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I'm trying to implement a divide and conquer algorithm to find the closest pair of points in a randomly-generated set of points using JavaScript. This algorithm should be running in O(n log n) time, but it is taking considerably longer to run than a simple brute force algorithm, which should be O(n^2).

I've created two jsfiddles that time the algorithms for an array of 16000 points:

My hypothesis is that the divide and conquer is so slow because JavaScript arrays are actually hash tables. Is it possible to significantly speed up the algorithm in JavaScript? If so, what would be the best way to go about doing this?

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I believe this post is insightful on javascript performance – ElderMael Oct 17 '12 at 4:20

At a glance, your merge function is allocating way too much memory (roughly order O(n^2)). I made a hacky way to measure this here. The basic idea is I just have a counter in the global scope, and add the size of the array generated by merge each time it is called. Hopefully this is enough info for you to fix it, if you encounter any more problems I'd be happy to provide a few additional pointers.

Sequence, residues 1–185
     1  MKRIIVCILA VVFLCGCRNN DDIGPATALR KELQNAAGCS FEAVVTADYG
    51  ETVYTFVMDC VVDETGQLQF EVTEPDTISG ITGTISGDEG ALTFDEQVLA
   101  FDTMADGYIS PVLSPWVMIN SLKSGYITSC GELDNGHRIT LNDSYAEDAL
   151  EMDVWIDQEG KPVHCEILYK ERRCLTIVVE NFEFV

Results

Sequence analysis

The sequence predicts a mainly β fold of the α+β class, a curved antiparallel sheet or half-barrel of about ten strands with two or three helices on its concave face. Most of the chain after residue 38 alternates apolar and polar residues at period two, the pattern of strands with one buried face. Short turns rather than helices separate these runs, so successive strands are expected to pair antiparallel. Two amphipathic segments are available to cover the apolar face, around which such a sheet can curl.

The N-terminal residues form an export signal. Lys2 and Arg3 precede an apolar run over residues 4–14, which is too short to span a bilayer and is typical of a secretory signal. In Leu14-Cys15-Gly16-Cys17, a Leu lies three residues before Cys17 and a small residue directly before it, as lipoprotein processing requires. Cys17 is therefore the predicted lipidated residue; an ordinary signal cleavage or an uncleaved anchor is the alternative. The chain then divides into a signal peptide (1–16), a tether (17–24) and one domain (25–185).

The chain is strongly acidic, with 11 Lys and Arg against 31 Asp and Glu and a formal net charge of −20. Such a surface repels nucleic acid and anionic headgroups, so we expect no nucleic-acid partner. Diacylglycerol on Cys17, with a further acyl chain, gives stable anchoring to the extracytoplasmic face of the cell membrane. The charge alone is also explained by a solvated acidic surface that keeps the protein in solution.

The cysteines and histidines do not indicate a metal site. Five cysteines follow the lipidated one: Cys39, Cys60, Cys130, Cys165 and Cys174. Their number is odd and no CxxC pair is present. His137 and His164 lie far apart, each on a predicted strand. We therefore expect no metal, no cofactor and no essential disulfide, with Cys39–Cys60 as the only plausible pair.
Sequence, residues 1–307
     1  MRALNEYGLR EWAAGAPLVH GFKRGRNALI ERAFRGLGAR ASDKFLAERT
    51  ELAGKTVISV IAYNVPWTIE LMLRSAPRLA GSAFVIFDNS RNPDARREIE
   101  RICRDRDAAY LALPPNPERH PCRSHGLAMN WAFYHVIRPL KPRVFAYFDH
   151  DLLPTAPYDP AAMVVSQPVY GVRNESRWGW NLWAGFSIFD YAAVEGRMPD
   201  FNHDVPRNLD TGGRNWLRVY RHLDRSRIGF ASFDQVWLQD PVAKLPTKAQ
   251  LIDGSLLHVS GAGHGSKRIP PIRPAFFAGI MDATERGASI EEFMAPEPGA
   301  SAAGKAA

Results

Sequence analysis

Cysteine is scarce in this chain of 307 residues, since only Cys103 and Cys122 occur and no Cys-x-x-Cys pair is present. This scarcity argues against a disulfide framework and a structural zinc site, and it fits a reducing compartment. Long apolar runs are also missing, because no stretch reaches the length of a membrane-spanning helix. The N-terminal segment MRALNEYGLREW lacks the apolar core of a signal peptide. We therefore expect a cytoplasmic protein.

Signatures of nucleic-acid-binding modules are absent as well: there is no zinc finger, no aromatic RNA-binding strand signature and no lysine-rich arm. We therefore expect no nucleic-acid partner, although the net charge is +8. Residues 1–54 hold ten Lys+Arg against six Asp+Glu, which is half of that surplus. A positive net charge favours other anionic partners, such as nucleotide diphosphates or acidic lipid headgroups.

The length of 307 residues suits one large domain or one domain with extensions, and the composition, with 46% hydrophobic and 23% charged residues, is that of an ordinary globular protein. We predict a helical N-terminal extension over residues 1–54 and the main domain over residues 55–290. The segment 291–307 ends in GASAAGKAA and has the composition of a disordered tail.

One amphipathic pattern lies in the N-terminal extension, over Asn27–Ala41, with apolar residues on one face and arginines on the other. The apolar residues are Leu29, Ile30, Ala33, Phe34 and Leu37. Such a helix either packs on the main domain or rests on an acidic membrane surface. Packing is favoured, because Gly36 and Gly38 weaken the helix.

Also, just by playing with the numbers it's pretty easy to rule out it being a hash table issue* - an algorithm slowed by hash table would not exhibit a faster growth rate than O(n log n), it would just start slow and grow along the same lines. If you try a range of values out though, it should become apparent that it's growing faster than that, suggesting a different issue.

*the internal implementation of javascript arrays is a bit more complicated than them just being objects, but for the point I'm trying to make it doesn't really matter

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